Office for Metropolitan Architecture‘s (OMA) founding principal Rem Koolhaas and the Solomon R. Guggenheim Museum are teaming up to explore the earth’s changing non-urban areas in an upcoming exhibition.
Koolhaas, along with AMO, the OMA think tank, jettisons the city to speculate on the future of the countryside, an arguably less sexy topic for architects who love their Tokyos and Rios. By interrogating changing rural areas today, the exhibition, provisionally titled Countryside: Future of the World, will explore the effect of migration, automation and AI, radical politics, and ecological change on less-populated regions worldwide.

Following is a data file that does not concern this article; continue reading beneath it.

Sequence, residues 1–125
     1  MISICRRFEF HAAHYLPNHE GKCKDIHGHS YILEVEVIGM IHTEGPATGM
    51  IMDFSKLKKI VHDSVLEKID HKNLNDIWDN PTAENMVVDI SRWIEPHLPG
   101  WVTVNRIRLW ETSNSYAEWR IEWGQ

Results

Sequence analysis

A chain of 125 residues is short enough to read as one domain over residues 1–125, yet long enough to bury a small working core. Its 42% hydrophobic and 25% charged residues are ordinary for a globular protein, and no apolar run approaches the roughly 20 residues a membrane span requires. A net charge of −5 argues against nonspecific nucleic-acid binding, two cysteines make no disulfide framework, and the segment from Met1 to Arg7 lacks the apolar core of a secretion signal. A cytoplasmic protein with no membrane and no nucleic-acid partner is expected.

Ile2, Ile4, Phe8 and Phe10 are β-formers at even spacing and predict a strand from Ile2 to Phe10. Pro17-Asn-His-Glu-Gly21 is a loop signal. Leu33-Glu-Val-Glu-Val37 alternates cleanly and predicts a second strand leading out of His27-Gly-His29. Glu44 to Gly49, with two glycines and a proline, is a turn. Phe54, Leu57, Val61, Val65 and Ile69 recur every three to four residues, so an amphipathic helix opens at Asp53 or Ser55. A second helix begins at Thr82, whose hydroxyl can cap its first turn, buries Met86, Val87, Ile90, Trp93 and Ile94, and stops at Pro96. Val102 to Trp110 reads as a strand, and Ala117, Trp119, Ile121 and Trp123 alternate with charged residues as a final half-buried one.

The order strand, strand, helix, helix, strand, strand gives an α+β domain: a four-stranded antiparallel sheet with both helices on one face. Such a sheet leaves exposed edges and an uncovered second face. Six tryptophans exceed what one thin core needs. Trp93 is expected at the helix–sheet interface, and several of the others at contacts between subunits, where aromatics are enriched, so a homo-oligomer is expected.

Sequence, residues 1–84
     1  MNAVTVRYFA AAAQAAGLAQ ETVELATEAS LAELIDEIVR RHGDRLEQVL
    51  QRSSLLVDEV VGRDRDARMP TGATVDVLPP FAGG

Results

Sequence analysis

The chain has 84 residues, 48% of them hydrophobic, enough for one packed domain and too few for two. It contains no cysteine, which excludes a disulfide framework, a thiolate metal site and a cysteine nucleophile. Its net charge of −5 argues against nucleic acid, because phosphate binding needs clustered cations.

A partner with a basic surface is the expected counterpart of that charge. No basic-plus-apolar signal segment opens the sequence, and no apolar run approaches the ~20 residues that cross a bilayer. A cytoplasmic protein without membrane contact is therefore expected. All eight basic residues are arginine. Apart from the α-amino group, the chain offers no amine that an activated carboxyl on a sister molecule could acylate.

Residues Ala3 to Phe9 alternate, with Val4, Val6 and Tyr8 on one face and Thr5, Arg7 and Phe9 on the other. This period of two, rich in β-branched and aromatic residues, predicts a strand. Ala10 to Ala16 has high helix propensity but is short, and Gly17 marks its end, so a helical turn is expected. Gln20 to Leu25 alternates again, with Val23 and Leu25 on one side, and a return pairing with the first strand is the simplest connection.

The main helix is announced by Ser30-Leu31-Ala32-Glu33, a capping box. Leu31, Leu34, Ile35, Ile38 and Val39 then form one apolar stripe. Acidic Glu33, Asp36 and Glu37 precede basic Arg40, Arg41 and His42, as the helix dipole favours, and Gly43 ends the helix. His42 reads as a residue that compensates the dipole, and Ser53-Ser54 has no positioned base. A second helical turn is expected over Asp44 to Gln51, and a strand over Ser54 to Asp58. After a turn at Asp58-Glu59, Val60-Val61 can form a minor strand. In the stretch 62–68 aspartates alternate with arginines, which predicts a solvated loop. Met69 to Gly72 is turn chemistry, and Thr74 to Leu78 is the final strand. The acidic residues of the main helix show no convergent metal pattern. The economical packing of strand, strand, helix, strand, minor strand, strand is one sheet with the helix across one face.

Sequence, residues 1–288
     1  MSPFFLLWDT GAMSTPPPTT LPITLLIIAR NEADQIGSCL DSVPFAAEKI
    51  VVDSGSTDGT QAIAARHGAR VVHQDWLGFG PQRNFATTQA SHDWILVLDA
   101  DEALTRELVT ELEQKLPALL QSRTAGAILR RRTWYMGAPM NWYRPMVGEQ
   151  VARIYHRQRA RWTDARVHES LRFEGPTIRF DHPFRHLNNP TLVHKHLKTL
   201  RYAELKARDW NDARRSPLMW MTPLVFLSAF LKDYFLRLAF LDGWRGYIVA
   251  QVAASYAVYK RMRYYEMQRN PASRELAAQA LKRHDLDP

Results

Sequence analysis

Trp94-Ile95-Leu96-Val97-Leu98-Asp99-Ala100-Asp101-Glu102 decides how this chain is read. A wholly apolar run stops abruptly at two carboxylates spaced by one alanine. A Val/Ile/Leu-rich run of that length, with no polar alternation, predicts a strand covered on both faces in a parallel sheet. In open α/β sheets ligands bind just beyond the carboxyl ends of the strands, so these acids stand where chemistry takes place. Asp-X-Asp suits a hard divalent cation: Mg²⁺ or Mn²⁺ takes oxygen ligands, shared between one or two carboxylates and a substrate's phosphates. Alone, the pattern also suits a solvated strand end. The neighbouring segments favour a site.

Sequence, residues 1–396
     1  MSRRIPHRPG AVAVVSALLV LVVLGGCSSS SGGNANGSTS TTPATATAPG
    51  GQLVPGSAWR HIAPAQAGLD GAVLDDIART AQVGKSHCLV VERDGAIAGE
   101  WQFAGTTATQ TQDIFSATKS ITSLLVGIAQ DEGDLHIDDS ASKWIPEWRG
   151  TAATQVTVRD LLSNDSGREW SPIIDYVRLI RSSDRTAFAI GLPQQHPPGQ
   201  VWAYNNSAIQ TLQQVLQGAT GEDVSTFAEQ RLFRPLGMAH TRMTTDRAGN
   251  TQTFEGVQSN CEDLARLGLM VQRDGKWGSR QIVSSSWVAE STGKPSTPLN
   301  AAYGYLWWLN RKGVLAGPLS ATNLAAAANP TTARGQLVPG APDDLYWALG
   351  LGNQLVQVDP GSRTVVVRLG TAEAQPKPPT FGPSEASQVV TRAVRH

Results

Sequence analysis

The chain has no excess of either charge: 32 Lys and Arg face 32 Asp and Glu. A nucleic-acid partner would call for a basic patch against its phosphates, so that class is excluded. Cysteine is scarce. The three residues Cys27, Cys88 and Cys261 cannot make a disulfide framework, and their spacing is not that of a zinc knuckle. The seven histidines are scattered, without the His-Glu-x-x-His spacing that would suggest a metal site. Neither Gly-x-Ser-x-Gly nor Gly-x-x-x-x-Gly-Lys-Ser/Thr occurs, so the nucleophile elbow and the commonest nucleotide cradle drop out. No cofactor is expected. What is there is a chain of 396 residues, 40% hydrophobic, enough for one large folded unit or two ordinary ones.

“The fact that more than 50 percent of the world’s population now lives in cities has become an excuse to ignore the countryside,” said Koolhaas in a press release. “I have long been fascinated by the transformation of the city, but since looking at the countryside more closely in recent years, I have been surprised by the intensity of change taking place there. The story of this transformation is largely untold, and it is particularly meaningful to present it in one of the world’s great museums in one of the world’s densest cities.”
The 50 percent figure Koolhaas cites is one of those urban myths that won’t die, a tired United Nations statistic drawn from definitions of “city” that vary wildly from country to country. Nevertheless, Countryside builds on work current work at AMO, as well as student work at the Harvard Graduate School of Design. The Guggenheim will announce further details on the exhibition, which is slated to open in fall 2019, as they become available.